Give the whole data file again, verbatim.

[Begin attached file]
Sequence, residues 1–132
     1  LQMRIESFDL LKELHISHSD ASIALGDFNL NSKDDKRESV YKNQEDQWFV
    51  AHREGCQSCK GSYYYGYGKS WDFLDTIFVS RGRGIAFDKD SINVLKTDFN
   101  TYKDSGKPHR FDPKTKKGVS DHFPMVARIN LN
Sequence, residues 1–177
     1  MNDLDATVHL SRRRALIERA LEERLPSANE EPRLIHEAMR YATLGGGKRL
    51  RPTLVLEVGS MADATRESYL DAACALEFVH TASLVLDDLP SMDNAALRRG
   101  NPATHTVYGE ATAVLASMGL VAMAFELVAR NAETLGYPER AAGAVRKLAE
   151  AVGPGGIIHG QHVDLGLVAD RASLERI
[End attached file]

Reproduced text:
Sequence, residues 1–132
     1  LQMRIESFDL LKELHISHSD ASIALGDFNL NSKDDKRESV YKNQEDQWFV
    51  AHREGCQSCK GSYYYGYGKS WDFLDTIFVS RGRGIAFDKD SINVLKTDFN
   101  TYKDSGKPHR FDPKTKKGVS DHFPMVARIN LN
Sequence, residues 1–177
     1  MNDLDATVHL SRRRALIERA LEERLPSANE EPRLIHEAMR YATLGGGKRL
    51  RPTLVLEVGS MADATRESYL DAACALEFVH TASLVLDDLP SMDNAALRRG
   101  NPATHTVYGE ATAVLASMGL VAMAFELVAR NAETLGYPER AAGAVRKLAE
   151  AVGPGGIIHG QHVDLGLVAD RASLERI